Klinefelter syndrome is a rare genetic disorder that results in the presence of an extra X sex chromosome in genetically male individuals. In the archaeological context, a few presumed cases would have been detected – such as the Finnish warrior of Suontaka Vesitorninmäki – based on the analysis of genetic material alone. A study recently published in The Lancet brings new elements to diagnose Klinefelter’s syndrome on even more substantiated bases, since it combines for the first time three types of examinations: genetic, but also morphological and osteological. The international team of researchers, coordinated by the Portuguese geneticist João C. Teixeira, currently posted at the Australian National University in Canberra, has thus identified the presence of an additional X chromosome in a man who lived in Braganza, in the northeast of Portugal about a thousand years ago. The development of a new method for determining genetic characteristics within the framework of this study could in the future serve as a basis for identifying genetic diseases in other contexts where DNA is fragile or degraded, such as medical investigations. legal or prenatal diagnosis.
A genetic anomaly, the Klinefelter syndrome, would have been identified in a man of the Middle Ages
The individual studied by the international team bringing together archaeologists, anthropologists, geneticists and statisticians was buried at the archaeological site of Torre Velha, a necropolis excavated between 2012 and 2015 by researchers from the University of Coimbra. Located in the suburbs of the city of Bragança, Torre Velha is now considered one of the most remarkable places in the region of Trás-os-Montes, in the northeast of Portugal. So far, 59 burials have been unearthed there – mainly individual graves, but also ossuaries grouping together several individuals. They were dug directly into the shale rock, “which is typical of medieval sites in Iberia“, reveals the study; carbon-14 dating indeed indicates that the burials took place between the 6th and 13th centuries of our era.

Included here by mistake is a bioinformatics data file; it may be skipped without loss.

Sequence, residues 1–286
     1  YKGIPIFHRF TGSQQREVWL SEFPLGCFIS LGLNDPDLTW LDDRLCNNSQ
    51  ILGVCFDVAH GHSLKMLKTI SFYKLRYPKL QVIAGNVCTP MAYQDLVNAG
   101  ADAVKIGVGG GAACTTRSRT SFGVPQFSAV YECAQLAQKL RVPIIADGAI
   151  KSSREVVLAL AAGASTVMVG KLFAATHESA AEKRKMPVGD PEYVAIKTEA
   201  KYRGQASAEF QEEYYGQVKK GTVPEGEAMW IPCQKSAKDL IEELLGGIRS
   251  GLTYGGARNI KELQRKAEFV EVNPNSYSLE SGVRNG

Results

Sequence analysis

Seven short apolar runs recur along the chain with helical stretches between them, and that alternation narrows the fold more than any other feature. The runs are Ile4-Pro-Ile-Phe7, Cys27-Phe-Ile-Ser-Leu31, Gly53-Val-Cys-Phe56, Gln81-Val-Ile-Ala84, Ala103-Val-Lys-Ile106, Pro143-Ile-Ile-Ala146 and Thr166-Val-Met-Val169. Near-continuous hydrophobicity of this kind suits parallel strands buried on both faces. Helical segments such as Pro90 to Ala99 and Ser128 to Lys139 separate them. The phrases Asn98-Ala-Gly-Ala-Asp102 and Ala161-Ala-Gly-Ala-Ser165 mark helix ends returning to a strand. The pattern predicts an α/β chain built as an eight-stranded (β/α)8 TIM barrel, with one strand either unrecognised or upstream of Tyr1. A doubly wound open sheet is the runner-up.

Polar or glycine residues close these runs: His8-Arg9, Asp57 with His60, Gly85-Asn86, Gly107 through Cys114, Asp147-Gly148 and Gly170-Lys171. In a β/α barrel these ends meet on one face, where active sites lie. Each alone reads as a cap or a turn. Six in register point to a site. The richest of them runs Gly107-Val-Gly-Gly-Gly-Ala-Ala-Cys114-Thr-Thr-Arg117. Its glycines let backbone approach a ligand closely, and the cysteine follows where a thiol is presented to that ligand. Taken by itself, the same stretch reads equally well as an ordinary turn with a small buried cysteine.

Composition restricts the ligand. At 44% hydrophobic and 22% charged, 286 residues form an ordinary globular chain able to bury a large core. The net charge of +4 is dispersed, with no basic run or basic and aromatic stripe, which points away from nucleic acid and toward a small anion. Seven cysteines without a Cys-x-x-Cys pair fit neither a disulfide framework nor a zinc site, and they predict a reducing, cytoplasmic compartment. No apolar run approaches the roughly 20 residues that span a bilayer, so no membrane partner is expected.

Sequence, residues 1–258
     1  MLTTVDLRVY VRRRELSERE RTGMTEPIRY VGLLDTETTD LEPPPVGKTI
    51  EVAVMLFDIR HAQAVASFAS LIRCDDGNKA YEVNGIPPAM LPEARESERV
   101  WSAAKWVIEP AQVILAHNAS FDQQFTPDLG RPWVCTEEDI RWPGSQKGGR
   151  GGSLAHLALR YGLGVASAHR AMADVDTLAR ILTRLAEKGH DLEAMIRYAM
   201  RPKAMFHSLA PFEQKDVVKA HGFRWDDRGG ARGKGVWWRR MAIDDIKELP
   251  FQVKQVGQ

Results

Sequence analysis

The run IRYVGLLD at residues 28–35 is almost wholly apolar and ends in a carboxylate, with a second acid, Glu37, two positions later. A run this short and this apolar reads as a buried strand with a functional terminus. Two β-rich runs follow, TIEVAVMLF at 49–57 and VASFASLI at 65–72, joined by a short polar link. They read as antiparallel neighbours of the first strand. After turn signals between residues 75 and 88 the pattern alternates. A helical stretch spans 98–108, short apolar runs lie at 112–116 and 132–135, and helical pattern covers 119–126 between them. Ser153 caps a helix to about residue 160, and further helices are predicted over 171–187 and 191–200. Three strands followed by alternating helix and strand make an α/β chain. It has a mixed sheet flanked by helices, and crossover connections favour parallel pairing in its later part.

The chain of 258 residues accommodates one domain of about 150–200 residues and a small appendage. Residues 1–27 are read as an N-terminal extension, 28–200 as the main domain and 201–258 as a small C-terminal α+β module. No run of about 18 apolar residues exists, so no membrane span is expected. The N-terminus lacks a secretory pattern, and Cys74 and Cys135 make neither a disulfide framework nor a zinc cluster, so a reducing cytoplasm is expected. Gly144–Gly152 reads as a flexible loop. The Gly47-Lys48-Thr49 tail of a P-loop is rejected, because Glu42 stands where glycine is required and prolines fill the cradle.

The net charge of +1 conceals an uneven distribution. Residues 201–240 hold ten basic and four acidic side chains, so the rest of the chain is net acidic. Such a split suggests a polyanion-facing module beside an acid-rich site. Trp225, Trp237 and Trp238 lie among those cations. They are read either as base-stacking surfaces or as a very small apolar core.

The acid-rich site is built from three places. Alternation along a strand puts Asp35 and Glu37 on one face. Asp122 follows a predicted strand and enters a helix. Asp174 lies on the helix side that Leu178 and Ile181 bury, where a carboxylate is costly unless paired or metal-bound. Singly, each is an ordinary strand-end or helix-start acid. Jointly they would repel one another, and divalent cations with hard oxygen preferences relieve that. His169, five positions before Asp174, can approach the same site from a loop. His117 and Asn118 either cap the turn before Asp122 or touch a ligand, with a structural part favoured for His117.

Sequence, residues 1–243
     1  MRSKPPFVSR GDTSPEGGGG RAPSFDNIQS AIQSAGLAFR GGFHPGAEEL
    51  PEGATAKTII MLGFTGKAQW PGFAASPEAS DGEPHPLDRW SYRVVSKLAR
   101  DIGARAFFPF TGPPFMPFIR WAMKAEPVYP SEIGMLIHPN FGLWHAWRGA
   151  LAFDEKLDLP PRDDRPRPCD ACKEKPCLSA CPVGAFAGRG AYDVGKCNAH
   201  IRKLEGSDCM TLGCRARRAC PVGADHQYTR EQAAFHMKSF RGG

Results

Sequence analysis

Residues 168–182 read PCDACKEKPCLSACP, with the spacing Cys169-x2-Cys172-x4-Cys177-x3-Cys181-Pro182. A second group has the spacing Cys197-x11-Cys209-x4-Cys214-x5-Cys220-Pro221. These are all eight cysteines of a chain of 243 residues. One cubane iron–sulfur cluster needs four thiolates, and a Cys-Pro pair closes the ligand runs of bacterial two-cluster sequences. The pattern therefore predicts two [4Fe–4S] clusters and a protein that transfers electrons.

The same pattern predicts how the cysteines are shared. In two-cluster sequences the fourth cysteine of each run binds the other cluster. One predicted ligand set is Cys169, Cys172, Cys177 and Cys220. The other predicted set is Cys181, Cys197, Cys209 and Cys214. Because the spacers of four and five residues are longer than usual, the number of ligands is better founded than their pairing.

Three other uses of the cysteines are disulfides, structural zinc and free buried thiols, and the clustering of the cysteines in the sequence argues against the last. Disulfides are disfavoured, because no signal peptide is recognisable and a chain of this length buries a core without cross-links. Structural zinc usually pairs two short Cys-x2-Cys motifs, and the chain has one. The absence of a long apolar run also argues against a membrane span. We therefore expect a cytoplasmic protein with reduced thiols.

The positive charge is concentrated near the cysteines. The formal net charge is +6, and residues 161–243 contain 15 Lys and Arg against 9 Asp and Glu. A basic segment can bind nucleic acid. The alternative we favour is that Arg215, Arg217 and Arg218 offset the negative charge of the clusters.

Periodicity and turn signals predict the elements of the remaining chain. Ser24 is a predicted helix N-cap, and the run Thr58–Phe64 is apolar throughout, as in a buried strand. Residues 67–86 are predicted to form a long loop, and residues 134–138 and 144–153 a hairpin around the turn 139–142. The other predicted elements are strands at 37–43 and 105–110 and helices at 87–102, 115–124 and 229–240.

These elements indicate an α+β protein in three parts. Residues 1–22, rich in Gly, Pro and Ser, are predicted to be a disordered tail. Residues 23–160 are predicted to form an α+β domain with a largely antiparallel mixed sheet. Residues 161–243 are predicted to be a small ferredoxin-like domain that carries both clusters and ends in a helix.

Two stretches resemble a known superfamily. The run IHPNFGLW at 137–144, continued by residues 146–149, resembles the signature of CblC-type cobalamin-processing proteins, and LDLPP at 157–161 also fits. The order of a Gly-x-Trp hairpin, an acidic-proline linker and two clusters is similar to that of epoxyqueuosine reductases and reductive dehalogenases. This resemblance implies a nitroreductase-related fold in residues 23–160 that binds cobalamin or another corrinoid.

The individual who caught the researchers’ attention would have been buried between the 11th and 12th centuries, the dating by mass spectrometer authorizing a margin of between 1020 and 1160 AD. He was placed in an oval-shaped tomb, write the researchers, who found neither lid nor funerary furniture. His burial in a lying position, with his arms crossed on his chest and oriented west-east corresponds to Christian custom.
The man was buried with his arms folded across his chest. © João C. Teixeira et al. / The Lancet